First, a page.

September 3, 2018
September 3, 2018
strength and conditioning exercises for boxing

Esther Lin/Showtime

Feedspot followFeedly follow

BOXING is getting along just fine without Floyd Mayweather Jnr (50-0, 27 stoppages), but the former pound-for-pound number one seems to be struggling without the ego-boosting elixir of the sport, not to mention the fact he could routinely use it to summon up multi-million dollar purses in order to keep his lavish lifestyle afloat.

Since retiring with a 10th-round stoppage win over debutant — yes, it still and will always sound weird — Conor McGregor in August of last year, “Money” has placed a number of photos on his social media channels to show the world what a great time he is having. He has been pictured on holiday, alone, on a luxury yacht, alone once again, and in the cavernous confines of his Las Vegas mansion, where he seemed as home alone as Kevin McCallister.

Still, Mayweather continues to insist that he is loving life in the slow lane and it has been reported that, to use the parlance of our times, he ‘made it rain’ in a strip club after producing $50,000 and throwing it at the working women of Scores in New Jersey.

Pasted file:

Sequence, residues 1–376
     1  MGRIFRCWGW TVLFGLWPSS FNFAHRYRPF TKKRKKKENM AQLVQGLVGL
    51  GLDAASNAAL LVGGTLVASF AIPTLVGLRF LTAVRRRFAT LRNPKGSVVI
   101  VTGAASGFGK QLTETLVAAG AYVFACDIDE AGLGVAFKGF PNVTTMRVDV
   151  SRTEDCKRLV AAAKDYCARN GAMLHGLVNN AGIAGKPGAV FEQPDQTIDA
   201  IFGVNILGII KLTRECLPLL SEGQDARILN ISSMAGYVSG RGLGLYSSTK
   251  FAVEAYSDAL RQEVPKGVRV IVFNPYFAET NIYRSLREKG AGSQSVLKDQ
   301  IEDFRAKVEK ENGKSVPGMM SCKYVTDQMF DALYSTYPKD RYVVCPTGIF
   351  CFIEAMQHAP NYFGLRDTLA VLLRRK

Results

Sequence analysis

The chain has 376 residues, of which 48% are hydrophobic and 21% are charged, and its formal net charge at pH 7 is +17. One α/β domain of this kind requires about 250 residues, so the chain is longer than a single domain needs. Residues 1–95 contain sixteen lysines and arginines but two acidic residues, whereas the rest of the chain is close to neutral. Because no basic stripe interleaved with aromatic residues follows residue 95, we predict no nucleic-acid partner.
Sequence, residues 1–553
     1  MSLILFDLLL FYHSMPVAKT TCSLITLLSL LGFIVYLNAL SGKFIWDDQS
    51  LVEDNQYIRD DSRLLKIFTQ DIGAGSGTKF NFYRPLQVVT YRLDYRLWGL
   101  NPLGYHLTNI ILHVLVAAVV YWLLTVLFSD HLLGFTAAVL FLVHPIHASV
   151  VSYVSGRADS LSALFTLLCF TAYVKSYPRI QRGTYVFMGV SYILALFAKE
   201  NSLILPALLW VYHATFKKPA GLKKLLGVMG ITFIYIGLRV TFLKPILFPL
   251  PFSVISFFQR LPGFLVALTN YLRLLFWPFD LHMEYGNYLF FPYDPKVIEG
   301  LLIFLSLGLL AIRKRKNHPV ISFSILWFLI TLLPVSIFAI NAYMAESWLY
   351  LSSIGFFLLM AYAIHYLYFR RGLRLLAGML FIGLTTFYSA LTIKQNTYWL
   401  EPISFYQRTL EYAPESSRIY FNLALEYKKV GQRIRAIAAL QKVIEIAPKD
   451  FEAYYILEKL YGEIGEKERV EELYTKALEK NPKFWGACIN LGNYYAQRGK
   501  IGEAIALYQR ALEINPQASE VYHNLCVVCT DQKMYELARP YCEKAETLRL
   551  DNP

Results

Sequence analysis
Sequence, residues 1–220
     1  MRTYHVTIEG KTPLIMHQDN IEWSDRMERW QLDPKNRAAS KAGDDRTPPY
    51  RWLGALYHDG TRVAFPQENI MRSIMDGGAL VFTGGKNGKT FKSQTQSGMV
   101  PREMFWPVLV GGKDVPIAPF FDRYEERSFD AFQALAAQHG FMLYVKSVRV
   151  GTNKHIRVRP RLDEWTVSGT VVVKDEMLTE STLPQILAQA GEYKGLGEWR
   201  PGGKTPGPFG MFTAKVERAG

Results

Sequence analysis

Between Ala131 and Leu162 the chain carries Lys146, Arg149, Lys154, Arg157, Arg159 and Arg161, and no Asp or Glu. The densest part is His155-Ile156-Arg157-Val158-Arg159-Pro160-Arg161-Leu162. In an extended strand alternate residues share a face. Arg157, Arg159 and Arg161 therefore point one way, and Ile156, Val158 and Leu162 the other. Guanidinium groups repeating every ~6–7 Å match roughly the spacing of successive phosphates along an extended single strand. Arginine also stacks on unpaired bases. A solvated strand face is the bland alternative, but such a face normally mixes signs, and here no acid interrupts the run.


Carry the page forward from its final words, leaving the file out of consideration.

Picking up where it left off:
This time, though, he had a few friends in tow and the 41-year-old treated them to a meal topped with a $5,000 dollar bottle of Louis XIII cognac. The teetotaller did not partake, he has maintained his incredible discipline post-boxing, but he made sure that his team members had a great, if hazy, night to not recollect.

The trickledown effect of the economy was also on show after Jack Rathbone of the Mirror reported that the cleaning team at Scores benefited from Mayweather’s excesses after finding notes in the ceiling fan and on the seats of the booths while cleaning up the next morning.

Mayweather insists that he has no intention of returning to the ring; his accountant may have other ideas a few years down the line if he continues to spend at such an amazing rate.

Speaking of possible returns to the sport, Wladimir Klitschko (64-5, 53 KOs) posted a video of a sparring session on Facebook before looking into the camera and declaring: “I can’t stop it, I don’t want to stop it. It’s a habit and I love it”.